The company continues to collaborate with partners across the ecosystem to ensure that software, security, and flexibility benefits of the open standard RISC-V ecosystem are readily available for SiFive processors, enabling companies to commercialize their SiFive-powered products.

SiFive is one of the pioneers of RISC-V and it said it is committed to transforming the future of computing by harnessing the limitless potential of RISC-V for high-performance and data-intensive applications. Little said in a press briefing that the firm has raised hundreds of millions of dollars and has over 500 employees in multiple locations.

He said the company has 350 design wins and customers include Intel, Amazon, Qualcomm, Samsung, Google, NASA and more. SiFive started in the embedded market and moved up the food chain to high-performance cores.

“These customers helped us earn our way,” Little said. “Even when we sell high-performance cores, a lot of companies will need embedded cores too.”

He said the prior P600-Series is the highest-performing RISC-V processor that you can license.

“We shipping these in volume,” he said.

As for competition, Little said it’s a two-horse race between SiFive and Arm. He noted every one of Arm’s top customers are also SiFive’s top customers. Especially in mobile. It may take a few years to bear full fruit, but he noted the SiFive chips have 30% to 40% better power efficiency and compute density than Arm.

Arm has been around for decades and it recently went public at a valuation of $54.5 billion. Little said RISC-V is the fastest-growing software ecosystem.

Nvidia rules data centers with its AI processors and graphics processing units. Krste Asanovic, founder of SiFive, said those processors are often duct-taped together.

For something like AI-based security components, you need a complete solution, he said. He said AI and general-purpose computing are shifting to RISC-V, as AI needs agile hardware. SiFive can provide complete solutions around the core chips in a system.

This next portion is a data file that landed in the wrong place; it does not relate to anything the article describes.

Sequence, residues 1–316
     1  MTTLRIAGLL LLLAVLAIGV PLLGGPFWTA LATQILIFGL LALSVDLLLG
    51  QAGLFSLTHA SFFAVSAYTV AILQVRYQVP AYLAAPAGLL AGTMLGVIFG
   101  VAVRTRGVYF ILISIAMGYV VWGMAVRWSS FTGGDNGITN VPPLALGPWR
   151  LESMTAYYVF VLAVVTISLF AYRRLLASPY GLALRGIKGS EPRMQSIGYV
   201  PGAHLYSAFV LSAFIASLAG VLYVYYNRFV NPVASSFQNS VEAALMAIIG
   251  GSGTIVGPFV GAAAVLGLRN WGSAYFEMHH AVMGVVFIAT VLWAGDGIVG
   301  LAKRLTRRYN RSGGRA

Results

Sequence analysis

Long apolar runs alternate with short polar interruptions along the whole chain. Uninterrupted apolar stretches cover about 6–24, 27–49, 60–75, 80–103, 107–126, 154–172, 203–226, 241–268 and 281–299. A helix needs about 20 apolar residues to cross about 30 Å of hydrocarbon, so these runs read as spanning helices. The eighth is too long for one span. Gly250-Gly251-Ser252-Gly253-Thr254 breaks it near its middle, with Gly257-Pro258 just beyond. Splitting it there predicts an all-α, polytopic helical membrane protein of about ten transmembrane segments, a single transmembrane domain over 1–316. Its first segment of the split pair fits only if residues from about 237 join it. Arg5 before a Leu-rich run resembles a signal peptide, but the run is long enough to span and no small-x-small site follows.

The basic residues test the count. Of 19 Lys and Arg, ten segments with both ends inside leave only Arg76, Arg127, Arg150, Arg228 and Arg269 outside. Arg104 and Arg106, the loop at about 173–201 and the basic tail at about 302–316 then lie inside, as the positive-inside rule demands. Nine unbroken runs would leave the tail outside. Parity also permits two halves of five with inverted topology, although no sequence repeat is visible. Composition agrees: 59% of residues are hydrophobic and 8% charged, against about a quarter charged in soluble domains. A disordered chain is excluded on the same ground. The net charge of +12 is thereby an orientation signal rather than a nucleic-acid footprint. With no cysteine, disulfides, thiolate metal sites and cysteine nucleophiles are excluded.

“We don’t have these different systems that we duct-tape together,” Asanovic said. “We are a very broad portfolio and within that broad portfolio we provide all the pieces.”

Little said customers doing new categories of computing are more likely to pick RISC-V over Arm, as long as they are not locked in. Arm is trying to get into the core of processors in data centers to compete with Intel and Advanced Micro Devices, but Asanovic said RISC-V is not yet there because of a “massive software lift” that would have to happen to enable it.

Little said the company is also making good headway in penetrating various U.S. government procurements. SiFive probably benefited directly from the Arm IPO, Little said, but the trend was already evident that the company was doing well in places like China, automotive, and more.

SiFive’s products, and the products of its customers, are subject to export controls. The U.S. government is restricting the highest-level chips from being shipped to China. But the U.S. Department of Commerce is not yet restricting SiFive products being used by Chinese customers. Little said China is a hotspot for sales.